We are sad to announce that Gobbledygeek has ended. Thank you to everyone who listened, especially if you ever got on the mic with us, over the last seven years.
Come and listen to my story about a guy named Dan; a poor prospector, a self-made man. And then one day, to California he drew, and up from the ground come a-bubblin’ crude. Blood, that is. Capitalist blood. For the third in our Ten Years Later series (we’re in the market for a snappier name), Paul and Arlo turn to Paul Thomas Anderson’s study of American monster/oilman Daniel Plainview, There Will Be Blood. Joining them is The Debatable Podcast’s Greg Sahadachny, who makes his triumphant return to Gobbledygeek after nearly two years. The boys discuss how the film explores the intersection between religion and capitalism; whether or not Daniel Day-Lewis and Paul Dano give into overacting; if Daniel Plainview could be considered a villain; and how the “I drink your milkshake!” scene holds up after a decade of memeification.
Next: we’ve abducted Wesley “Wezzo” Mead once again to discuss Chris Carter’s seminal sci-fi series The X-Files. This time, we investigate the L.A.-bound season 6.
Appropriately, this month’s Four-Color Flashback entry is riddled with flashbacks, as Y: The Last Man – Vol. 7: Paper Dolls takes a look at Agent 355 and Ampersand’s pasts to give us a taste of what must be going through their heads in the present. Ensley F. Guffey, co-author of Wanna Cook? The Complete, Unofficial Companion to Breaking Bad, joins Paul and Arlo to continue their exploration of Brian K. Vaughan and Pia Guerra’s acclaimed Vertigo series. The gang discusses how this volume shows society’s evolution post-gendercide, puzzles over Yorick’s motivations (what else is new?), and asks Ensley to be smart for them. Plus, Paul got his ass kicked by Atomic Blonde, and Ensley has a few choice words about Nazi Captain America.
Next: Greg Sahadachny of The Debatable Podcast returns to Gobbledygeek to discuss Paul Thomas Anderson’s There Will Be Blood ten years on.
Sun, spray, bullets, and blood: Christopher Nolan’s Dunkirk recounts the worst beach trip in history, as 400,000 Allied troops were trapped by the Nazis in Dunkirk, France. The word Paul and Arlo keep coming back to as a descriptor is “relentless.” 107 minutes of third-act intensity, Dunkirk may be the purest expression of Nolan’s watchmaker-precise skill. The boys discuss the film’s three interweaving time strands, the lack of overt character development (except for that moment), Hans Zimmer’s ticking time bomb of a score, and why the movie never names or shows its Nazi enemies. Plus, Arlo is convinced the rest of the world is experiencing a mass delusion regarding Arrested Development season 4; and the boys take a look at the SDCC trailers for Ready Player One, Justice League, Thor: Ragnarok, Stranger Things, and The Defenders.
Next: it’s another Four-Color Flashback, as Ensley F. Guffey, co-author of Wanna Cook? The Complete Unauthorized Guide to Breaking Bad, joins Paul and Arlo to discuss Y: The Last Man – Vol. 7: Paper Dolls.
War for the Planet of the Apes! Huh! Who is it good for? The answer would be cinephiles searching for an intelligent, emotionally and politically resonant blockbuster. Welcome to Paradise’s Kenn Edwards joins Paul and Arlo to discuss Matt Reeves’ final installment in the so-called “Caesar Cycle,” which may be the bleakest monkey movie in history. (Also, they’re not monkeys. Just ask Arlo’s fiancée.) The gang delves into the genius of the film’s visual effects, Andy Serkis’ Oscar-worthy performance, the Apocalypse Now riffs, and how or if these films tie into the original Planet of the Apes series. Plus, Kenn finds a new way to watch Jaws, Paul comes down with The Big Sick, the Doctor is a lady, and the gang commemorates George Romero and Martin Landau.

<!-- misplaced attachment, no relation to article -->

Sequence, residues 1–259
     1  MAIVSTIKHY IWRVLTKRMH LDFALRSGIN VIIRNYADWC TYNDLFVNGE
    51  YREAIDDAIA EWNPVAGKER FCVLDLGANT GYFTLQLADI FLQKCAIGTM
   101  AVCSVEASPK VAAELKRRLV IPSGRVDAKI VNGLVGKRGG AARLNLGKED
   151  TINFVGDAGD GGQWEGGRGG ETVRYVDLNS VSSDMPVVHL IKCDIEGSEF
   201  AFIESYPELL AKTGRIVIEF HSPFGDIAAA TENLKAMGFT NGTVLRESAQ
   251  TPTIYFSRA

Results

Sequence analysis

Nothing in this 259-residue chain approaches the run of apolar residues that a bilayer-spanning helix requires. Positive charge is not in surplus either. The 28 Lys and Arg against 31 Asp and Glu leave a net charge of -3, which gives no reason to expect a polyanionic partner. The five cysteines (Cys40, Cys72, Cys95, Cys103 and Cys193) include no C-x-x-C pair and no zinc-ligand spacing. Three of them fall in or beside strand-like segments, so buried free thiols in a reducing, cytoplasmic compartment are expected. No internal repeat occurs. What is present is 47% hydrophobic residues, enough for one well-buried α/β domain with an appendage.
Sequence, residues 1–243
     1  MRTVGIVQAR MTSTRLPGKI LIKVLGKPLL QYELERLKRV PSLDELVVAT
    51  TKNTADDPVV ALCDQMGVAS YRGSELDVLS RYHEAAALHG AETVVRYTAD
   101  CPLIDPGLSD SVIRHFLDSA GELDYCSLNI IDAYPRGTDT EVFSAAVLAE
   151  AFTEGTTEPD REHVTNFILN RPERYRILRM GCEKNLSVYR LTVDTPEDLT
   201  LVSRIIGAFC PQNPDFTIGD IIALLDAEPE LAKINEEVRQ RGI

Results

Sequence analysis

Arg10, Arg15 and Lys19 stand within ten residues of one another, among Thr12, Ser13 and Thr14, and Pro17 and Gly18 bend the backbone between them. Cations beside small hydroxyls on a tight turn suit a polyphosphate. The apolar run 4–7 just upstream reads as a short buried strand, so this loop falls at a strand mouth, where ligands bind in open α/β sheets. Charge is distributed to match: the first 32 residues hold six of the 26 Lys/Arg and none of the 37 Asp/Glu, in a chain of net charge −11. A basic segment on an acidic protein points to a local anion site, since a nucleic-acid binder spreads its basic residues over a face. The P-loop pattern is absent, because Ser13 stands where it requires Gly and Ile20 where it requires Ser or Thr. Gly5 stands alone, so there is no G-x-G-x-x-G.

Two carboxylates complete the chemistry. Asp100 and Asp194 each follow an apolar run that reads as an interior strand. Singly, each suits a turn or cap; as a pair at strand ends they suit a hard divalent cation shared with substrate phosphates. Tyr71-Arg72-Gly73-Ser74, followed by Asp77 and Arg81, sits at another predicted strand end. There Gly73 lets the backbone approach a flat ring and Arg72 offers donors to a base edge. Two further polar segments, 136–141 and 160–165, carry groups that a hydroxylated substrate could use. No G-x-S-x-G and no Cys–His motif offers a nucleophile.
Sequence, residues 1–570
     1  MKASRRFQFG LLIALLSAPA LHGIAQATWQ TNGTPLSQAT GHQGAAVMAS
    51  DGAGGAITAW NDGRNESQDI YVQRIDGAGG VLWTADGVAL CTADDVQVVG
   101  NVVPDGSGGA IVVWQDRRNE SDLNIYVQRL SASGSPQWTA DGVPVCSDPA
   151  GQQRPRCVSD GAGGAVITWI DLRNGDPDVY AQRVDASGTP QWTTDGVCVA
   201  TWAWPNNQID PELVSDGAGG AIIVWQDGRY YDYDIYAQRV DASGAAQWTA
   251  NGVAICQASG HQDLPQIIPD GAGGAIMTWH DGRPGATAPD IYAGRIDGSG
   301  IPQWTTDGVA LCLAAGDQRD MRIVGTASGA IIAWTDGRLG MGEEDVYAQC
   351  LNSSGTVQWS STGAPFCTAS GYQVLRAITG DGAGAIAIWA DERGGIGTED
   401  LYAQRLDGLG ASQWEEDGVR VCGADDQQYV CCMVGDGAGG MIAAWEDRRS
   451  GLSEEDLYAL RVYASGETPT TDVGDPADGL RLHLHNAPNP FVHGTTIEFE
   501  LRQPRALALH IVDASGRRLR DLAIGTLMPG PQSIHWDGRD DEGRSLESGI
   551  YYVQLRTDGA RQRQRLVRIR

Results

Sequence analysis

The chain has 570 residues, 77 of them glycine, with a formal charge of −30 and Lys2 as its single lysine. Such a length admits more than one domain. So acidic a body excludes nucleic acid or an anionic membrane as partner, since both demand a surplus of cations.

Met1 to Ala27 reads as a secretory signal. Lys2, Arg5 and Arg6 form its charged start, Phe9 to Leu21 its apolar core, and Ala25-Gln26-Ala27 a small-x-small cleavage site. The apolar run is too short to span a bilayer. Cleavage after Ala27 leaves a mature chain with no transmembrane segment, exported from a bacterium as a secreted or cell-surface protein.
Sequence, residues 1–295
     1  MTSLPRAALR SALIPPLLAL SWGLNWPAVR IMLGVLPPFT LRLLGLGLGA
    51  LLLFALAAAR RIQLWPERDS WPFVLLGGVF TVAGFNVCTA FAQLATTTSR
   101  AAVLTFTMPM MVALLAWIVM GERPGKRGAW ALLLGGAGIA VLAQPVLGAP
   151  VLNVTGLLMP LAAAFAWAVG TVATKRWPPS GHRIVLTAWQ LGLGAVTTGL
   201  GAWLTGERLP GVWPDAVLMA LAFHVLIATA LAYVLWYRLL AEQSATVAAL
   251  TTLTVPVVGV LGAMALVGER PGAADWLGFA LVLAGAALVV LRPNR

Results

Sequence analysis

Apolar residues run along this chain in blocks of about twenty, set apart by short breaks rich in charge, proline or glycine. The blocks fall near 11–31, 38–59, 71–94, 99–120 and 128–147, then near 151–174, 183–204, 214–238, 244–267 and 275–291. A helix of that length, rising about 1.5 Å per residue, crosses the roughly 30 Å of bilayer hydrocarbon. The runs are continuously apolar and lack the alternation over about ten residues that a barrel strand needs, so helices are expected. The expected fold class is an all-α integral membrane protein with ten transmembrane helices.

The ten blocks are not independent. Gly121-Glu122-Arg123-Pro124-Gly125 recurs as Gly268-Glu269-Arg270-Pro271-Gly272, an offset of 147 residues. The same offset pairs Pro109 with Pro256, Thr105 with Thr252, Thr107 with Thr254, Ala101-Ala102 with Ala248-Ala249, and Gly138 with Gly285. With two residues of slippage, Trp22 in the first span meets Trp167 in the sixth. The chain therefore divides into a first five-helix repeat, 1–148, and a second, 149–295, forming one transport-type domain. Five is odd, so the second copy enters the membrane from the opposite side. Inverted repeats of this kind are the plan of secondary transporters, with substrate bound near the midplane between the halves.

Next: Christopher Nolan goes to war sans apes with Dunkirk.
It’s a Wiley whammy as first-time guest Heather Wiley joins Gobbledygeek’s very own Arlo Wiley in teaming up to finally take down Paul. Actually, this is a pretty convivial episode, as all three agree that Spider-Man: Homecoming is not only one of the better Spider-Man movies–some on this podcast would venture to call it the best–but one of the better entries in the Marvel Cinematic Universe thus far. The gang discusses why that is: the familiar yet fresh take on our friendly neighborhood webhead, an effortless mix of comedy and drama, a believable villain who doesn’t want to shoot giant beams of light into the sky, genuine Queens-like diversity, and killer turns from Tom Holland and Michael Keaton. Plus, Paul conducted a Mozart in the Jungle binge, Arlo got together with Crazy Ex-Girlfriend, and Heather tries to piece together if she and Arlo are indeed blood relatives.
Next: War for the Planet of the Apes is hell.
This week, Paul and Arlo put the pedal to the metal and drop the needle on Baby Driver, the latest nerd fantasia from writer-director Edgar Wright. Filled with rock and soul classics, Wright’s first American film is a high-concept car chase musical that nevertheless plays things a little straighter than his British/Canadian ventures. The boys discuss their favorite music cues, whether or not the internet is right to hate Ansel Elgort, what the film says about music as the soundtrack to our lives, and of course the goddamn Hamm. Plus, Paul and Arlo puzzle over the latest season of Orange Is the New Black and take a bite out of Bong Joon-ho’s Okja.
Next: first-time guest Heather Wiley swings by to talk Spider-Man: Homecoming.